The US leg of the FEI Jumping Nations Cup remains in limbo following the FEI’s confirmation it cannot take place at the new World Equestrian Center Ocala facility from March 16-21 as originally planned.

The WEC and USEF last week jointly declared they would work together to resolve their well-publicized licensing dispute. The agreement includes the withdrawal of USEF’s request that the WEC’s 12-week Winter Equestrian Spectacular be declared “unsanctioned” by the FEI. The Spectacular is unrecognized by USEF and running under the rules of the National Snaffle Bit Association, a body outside the USEF family. Without this waiver, any FEI-registered participants would risk six months ineligibility from international shows.

However, the joint statement gave no specific mention to WEC’s international program. It has now emerged that the removal of WEC’s international shows during the Winter Spectacular still went ahead, with two January CSI3* fixtures and the Nations Cup shown as cancelled on the FEI database. CSIs planned at WEC from June onwards and all FEI dressage remain unaffected.

A FEI spokesperson told “As USEF and Ocala agreed that there would be no FEI jumping events during the 12-week Ocala Winter Spectacular, USEF sent us a formal request to remove the events, including the CSIO5* from the FEI Calendar for that period.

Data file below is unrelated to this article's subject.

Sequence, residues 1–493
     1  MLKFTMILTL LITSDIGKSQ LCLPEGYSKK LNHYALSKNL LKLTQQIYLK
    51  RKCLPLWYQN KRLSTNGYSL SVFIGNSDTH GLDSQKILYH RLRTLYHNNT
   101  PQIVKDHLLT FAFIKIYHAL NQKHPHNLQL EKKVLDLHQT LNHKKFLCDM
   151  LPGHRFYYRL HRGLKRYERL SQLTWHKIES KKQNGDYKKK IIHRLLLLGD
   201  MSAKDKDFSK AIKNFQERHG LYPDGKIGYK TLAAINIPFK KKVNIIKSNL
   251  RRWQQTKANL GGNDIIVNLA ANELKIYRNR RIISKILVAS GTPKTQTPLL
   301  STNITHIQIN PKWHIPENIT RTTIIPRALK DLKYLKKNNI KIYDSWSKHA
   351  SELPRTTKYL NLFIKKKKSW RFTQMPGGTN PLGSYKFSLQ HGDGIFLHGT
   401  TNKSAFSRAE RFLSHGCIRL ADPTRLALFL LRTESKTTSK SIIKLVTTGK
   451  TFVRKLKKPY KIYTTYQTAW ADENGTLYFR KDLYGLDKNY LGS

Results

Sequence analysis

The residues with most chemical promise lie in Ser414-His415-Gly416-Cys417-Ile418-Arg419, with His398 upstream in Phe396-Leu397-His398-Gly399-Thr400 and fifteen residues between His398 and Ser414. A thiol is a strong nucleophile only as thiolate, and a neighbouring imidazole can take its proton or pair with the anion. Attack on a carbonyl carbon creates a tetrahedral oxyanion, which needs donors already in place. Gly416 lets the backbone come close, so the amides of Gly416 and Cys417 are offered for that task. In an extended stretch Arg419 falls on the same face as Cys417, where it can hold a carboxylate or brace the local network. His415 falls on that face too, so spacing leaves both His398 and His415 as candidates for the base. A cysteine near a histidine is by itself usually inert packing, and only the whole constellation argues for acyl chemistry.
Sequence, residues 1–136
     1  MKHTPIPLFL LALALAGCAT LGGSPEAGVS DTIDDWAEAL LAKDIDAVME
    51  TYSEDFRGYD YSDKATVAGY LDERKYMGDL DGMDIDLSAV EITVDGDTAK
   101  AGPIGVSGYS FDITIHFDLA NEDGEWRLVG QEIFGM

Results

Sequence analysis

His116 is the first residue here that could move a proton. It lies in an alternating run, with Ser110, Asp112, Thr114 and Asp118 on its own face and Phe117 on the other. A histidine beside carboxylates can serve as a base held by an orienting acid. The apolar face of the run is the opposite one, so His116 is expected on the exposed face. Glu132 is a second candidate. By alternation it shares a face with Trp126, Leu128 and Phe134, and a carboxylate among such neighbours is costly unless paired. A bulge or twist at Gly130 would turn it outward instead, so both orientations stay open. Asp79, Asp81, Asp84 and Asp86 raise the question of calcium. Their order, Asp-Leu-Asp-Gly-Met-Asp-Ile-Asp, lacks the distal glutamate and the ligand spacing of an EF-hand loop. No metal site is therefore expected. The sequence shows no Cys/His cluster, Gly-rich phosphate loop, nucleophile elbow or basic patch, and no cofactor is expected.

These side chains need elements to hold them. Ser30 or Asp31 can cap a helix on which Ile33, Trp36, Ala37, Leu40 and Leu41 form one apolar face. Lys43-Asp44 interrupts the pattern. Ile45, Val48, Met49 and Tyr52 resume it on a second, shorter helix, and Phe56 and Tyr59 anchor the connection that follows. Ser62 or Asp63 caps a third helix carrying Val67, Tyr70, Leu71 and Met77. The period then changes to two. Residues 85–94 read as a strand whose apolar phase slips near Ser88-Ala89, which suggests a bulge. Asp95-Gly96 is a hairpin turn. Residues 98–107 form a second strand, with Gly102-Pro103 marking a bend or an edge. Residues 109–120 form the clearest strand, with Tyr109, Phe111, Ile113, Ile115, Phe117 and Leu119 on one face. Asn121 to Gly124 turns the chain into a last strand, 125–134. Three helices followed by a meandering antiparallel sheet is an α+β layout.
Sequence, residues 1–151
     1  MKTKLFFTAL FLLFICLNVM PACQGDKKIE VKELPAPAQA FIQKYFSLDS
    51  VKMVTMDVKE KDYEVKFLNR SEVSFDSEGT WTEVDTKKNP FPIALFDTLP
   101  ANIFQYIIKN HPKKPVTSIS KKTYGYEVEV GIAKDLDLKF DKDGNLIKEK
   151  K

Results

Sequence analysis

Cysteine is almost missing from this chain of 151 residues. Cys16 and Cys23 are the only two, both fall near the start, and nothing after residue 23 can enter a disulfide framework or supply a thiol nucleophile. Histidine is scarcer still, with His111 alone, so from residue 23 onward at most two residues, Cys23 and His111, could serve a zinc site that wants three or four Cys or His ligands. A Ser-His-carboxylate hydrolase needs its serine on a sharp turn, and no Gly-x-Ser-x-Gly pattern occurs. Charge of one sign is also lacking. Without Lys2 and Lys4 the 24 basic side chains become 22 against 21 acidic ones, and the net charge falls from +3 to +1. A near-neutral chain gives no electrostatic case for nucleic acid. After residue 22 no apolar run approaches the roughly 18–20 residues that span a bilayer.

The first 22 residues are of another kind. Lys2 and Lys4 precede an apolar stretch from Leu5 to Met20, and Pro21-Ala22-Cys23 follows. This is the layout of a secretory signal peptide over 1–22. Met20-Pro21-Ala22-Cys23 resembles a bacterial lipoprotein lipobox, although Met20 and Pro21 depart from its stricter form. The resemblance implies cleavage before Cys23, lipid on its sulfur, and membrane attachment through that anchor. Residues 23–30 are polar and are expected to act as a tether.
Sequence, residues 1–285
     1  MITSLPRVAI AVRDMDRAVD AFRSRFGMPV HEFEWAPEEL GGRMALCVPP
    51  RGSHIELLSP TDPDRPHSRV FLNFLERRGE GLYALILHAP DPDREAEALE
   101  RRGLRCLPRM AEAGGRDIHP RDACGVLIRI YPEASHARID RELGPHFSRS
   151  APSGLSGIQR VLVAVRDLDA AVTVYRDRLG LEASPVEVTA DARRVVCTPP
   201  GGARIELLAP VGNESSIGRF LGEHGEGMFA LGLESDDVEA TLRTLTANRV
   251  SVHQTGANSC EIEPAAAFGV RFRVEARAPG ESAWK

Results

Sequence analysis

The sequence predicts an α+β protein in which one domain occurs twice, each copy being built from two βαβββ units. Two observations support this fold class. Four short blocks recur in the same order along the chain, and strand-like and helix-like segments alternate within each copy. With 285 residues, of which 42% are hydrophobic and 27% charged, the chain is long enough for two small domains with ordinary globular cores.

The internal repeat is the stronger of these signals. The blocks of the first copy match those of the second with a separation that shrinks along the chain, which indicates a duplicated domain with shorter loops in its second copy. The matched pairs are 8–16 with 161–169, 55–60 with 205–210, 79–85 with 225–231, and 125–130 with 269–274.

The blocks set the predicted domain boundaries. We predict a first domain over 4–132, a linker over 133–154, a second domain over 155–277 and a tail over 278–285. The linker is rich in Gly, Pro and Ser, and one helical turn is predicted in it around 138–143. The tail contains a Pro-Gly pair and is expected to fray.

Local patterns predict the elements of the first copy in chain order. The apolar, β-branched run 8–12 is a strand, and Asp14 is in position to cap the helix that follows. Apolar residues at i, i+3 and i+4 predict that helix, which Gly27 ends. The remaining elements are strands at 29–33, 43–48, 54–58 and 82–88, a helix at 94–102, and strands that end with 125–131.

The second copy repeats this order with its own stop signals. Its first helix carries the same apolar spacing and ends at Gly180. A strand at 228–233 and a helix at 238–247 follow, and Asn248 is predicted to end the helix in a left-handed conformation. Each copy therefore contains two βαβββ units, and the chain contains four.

“The National Federations are responsible for filing applications or amendments to the FEI Calendar and USEF has only requested the removal of the Ocala events to the end of March. Similarly, the National Federations are responsible for proposing venues for the Nations Cups, so we are waiting to hear from USEF.”

In recent times, the US leg of the Nations Cup has always taken place in Florida, generally in Wellington in February or early March. It is unusual for any national federation to allocate a Nations Cup to a brand new venue in its first season, but understands WEC was the only centre interested in hosting the 2021 edition.

The FEI “unsanctioned events” rule was introduced in 2012, but has only been actioned once. This affected two European jumping course designers who officiated at the new Global Champions League team events in Miami and Mexico City in spring 2016 which were, for a short time, an unrecognized component of the FEI-recognized Global Champions Tour. While the FEI can intervene directly at FEI events, the onus is on national federations to formally request the FEI act over unrecognized domestic events.